As people age, their rate of hair growth slows.

 

There are many types of hair loss:

 

  • Involutional alopecia is a natural condition in which the hair gradually thins with age. More hair follicles go into the resting phase, and the remaining hairs become shorter and fewer in number.

 

  • Androgenic alopecia is a genetic condition that can affect both men and women. Men with this condition, called male pattern baldness, can begin suffering hair loss as early as their teens or early 20s. It's characterized by a receding hairline and gradual disappearance of hair from the crown and frontal scalp. Women with this condition, called female pattern baldness, don't experience noticeable thinning until their 40s or later. Women experience a general thinning over the entire scalp, with the most extensive hair loss at the crown.

 

  • Alopecia areata often starts suddenly and causes patchy hair loss in children and young adults. This condition may result in complete baldness (alopecia totalis). But in about 90% of people with the condition, the hair returns within a few years.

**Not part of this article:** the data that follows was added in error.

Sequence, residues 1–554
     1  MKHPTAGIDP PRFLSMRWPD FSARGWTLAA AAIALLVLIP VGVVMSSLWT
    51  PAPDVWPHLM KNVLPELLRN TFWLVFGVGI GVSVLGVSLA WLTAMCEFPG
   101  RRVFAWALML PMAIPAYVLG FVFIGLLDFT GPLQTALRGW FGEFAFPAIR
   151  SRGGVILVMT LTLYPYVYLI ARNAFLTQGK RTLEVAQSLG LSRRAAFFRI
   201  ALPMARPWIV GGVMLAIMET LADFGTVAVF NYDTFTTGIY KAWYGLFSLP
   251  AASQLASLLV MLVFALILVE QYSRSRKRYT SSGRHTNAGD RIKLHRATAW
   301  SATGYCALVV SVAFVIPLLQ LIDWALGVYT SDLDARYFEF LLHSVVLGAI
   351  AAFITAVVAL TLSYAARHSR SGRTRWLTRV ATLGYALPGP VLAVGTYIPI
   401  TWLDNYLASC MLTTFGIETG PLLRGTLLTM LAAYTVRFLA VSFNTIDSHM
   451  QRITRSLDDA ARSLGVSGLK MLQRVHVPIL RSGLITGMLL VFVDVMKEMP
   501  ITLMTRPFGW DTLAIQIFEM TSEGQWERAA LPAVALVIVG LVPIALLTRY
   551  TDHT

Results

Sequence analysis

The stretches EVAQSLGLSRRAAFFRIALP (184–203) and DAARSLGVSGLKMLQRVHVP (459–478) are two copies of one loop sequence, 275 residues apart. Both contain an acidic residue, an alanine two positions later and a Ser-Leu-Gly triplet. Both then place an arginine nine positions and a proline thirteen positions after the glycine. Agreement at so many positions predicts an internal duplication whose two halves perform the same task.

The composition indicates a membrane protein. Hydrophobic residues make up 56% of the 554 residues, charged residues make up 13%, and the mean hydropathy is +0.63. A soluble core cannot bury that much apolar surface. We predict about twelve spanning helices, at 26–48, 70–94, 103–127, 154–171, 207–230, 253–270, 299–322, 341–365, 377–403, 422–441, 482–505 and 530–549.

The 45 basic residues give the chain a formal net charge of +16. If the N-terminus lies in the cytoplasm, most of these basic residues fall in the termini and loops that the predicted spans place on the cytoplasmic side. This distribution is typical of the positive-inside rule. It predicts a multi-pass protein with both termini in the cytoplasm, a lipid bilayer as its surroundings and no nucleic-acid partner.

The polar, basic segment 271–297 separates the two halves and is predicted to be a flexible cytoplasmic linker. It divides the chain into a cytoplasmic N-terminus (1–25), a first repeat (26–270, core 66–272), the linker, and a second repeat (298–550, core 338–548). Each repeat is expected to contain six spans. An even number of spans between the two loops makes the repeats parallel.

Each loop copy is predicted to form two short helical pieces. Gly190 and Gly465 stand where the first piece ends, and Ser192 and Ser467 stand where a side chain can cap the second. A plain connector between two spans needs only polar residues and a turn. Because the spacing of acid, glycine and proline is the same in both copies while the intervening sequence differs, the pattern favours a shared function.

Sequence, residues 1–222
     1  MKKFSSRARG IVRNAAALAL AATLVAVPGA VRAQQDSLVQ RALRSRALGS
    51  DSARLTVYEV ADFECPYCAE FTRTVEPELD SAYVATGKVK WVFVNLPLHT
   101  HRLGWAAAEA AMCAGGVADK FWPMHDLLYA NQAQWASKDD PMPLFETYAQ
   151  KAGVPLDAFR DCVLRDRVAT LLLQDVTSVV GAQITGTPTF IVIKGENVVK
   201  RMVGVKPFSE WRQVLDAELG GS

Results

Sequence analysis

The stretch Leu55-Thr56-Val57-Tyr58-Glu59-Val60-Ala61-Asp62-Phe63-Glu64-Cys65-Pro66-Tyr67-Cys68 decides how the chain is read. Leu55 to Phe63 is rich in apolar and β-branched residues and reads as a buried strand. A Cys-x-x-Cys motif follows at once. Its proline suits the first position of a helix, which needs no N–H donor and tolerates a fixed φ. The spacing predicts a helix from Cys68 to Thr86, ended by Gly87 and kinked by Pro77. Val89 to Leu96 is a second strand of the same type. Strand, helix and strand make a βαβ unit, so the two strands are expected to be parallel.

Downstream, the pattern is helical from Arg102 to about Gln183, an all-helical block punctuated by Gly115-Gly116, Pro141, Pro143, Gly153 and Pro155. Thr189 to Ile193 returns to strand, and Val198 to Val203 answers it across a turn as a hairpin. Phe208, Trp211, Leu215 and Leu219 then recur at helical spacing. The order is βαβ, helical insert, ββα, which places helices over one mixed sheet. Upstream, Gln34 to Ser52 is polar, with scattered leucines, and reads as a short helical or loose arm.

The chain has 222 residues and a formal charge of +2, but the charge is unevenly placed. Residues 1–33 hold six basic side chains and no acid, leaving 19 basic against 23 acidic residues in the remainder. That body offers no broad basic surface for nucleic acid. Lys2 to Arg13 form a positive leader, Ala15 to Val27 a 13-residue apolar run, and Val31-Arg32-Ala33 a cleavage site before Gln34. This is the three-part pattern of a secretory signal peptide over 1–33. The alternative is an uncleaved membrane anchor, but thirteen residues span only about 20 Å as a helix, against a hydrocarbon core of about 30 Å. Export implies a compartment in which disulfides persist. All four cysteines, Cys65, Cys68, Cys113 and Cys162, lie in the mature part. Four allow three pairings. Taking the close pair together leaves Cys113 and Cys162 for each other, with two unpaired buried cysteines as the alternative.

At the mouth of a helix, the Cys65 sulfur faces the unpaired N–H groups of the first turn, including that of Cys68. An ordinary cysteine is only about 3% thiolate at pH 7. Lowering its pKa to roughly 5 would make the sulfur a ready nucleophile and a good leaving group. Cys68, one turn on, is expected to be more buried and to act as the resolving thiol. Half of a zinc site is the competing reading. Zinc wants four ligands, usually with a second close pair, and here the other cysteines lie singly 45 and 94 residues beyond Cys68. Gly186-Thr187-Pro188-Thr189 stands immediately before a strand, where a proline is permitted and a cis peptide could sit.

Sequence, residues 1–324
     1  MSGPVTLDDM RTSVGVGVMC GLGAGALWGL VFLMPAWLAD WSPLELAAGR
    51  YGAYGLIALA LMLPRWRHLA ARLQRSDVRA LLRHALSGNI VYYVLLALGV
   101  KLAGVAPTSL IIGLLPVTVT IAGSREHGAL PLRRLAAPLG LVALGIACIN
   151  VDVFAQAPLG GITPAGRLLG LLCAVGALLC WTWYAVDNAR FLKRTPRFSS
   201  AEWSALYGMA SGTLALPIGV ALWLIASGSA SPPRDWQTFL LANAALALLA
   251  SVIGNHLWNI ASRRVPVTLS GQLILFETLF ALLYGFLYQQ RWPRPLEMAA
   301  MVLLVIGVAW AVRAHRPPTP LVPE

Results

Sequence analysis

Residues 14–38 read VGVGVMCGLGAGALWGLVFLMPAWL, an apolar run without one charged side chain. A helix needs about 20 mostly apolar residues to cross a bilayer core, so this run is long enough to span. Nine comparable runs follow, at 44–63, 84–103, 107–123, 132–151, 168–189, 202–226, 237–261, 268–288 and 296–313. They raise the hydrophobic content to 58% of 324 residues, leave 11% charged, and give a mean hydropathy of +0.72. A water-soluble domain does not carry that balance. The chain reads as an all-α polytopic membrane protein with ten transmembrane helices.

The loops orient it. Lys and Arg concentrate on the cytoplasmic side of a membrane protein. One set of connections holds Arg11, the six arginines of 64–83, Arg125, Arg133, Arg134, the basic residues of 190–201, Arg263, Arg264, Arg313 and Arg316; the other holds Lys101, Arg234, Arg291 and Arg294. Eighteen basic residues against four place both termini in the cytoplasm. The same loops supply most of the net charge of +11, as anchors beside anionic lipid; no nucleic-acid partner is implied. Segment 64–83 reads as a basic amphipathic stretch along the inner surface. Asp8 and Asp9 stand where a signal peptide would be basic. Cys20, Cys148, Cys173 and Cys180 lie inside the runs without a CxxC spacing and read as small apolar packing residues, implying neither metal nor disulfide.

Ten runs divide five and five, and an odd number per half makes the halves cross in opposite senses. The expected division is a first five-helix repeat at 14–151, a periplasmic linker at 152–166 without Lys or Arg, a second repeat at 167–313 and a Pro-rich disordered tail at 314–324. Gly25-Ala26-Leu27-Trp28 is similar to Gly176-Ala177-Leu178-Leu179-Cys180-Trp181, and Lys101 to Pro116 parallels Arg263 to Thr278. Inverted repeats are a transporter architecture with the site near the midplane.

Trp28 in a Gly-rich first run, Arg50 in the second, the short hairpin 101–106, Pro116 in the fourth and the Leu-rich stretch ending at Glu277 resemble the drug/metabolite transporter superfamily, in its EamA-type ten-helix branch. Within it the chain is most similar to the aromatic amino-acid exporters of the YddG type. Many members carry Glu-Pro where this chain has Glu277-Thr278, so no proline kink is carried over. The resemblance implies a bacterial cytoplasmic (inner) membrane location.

• Alopecia universalis causes all body hair to fall out, including the eyebrows, eyelashes, and pubic hair.

 

 

  • Trichotillomania, seen most frequently in children, is a psychological disorder in which a person pulls out one's own hair.
  • Telogen effluvium is temporary hair thinning over the scalp that occurs because of changes in the growth cycle of hair. A large number of hairs enter the resting phase at the same time, causing hair shedding and subsequent thinning.

 

  • Scarring alopecias result in permanent loss of hair. Inflammatory skin conditions (cellulitis, folliculitis, acne), and other skin disorders (such as some forms of lupus and lichen planus) often result in scars that destroy the ability of the hair to regenerate. Hot combs and hair too tightly woven and pulled can also result in permanent hair loss.

 

  • Hormones, such as abnormal levels of androgens (male hormones normally produced by both men and women)